“The Food and Drug Administration accepts the concept of self-medication. The consumer demands it; the law provides for it; and it is in fact a vital part of our nation’s health care system.”
In Europe, the European Parliament stated that it:
“Considers that responsible self-medication should be further promoted, which will foster the growing desire of the European Union’s citizens to take responsibility for their own health and also help reduce health expenditure. In recent years, responsible self-medication has been identified as an important element in long term health policy by the institutions of the European Community.”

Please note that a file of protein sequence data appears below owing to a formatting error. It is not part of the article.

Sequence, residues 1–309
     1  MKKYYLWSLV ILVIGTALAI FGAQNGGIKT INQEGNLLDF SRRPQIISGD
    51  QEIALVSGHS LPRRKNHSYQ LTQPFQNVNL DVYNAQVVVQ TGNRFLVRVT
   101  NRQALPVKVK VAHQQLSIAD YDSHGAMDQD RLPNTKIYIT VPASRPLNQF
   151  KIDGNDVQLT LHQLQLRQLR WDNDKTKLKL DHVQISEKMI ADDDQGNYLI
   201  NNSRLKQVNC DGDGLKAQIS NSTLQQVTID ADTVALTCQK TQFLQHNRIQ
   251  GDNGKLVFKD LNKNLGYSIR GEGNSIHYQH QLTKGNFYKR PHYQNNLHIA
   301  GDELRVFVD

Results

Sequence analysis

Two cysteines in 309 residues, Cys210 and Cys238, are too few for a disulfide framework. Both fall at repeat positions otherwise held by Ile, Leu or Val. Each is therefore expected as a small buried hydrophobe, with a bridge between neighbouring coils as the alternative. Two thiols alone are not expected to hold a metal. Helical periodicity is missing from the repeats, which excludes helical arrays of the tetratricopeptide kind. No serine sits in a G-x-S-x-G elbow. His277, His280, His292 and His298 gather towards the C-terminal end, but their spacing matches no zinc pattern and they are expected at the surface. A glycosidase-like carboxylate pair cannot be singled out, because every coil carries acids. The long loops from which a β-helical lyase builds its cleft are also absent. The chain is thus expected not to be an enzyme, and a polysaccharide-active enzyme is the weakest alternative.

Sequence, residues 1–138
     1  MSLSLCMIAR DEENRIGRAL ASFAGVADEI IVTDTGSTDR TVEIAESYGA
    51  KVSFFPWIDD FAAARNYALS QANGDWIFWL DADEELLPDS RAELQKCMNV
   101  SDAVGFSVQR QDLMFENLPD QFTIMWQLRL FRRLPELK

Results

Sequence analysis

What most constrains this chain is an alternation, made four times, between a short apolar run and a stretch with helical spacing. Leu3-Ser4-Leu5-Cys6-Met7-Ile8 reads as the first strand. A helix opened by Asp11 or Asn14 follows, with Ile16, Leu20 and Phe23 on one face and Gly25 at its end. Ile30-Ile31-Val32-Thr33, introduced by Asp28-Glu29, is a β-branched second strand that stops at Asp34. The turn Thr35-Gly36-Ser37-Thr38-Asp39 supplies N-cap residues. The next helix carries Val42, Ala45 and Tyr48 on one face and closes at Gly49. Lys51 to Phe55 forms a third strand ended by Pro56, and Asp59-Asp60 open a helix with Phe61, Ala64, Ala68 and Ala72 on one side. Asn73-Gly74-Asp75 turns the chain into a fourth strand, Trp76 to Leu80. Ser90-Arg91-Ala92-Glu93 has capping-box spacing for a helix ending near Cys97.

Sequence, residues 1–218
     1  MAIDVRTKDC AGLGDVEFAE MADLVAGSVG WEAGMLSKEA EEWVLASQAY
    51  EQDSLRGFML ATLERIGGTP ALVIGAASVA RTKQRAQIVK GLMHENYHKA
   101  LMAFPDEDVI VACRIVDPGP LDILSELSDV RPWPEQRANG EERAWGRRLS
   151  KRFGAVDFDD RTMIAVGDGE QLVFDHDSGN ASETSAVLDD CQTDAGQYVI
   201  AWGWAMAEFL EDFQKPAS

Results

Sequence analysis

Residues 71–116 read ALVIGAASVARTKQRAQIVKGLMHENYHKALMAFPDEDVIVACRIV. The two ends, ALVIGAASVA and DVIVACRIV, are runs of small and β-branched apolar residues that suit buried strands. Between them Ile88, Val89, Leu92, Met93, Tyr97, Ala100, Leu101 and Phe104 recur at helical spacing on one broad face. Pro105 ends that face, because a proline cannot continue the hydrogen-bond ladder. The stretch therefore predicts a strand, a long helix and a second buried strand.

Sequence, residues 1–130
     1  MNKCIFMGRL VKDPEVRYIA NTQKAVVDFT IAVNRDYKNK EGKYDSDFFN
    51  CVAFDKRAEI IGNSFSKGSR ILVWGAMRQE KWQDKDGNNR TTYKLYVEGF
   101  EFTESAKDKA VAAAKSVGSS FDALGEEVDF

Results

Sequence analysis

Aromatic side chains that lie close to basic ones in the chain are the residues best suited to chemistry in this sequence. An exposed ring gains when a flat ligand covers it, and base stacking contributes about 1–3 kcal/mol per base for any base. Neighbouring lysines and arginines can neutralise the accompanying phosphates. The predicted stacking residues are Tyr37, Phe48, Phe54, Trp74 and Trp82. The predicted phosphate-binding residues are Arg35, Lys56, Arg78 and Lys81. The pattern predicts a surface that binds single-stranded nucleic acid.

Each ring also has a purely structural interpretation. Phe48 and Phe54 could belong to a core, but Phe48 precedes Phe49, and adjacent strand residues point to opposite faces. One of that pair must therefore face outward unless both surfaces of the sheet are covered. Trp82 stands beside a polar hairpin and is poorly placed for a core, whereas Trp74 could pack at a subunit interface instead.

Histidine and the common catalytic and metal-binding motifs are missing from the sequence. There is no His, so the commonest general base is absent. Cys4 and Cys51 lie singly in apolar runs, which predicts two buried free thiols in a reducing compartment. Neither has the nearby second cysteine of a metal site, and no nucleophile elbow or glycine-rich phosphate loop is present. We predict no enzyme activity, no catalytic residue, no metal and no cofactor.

Health professional organizations have also drawn attention to the importance of self-medication. The World Medical Association, for example, published a statement on self-medication in 2002, drawing attention to some of the themes in this publication – the importance of a clear prescription-nonprescription distinction and the role and importance of labeling for safe and effective use, as well as guidance for physicians and their patients regarding responsible self-medication. The International Pharmaceutical Federation adopted a joint statement on self-medication with WSMI to highlight the common goals of our two groups: to provide high quality service to the public and to encourage the responsible use of medicines. The International Council of Nurses also adopted a joint statement on self-medication with WSMI to promote the responsible use of medicines.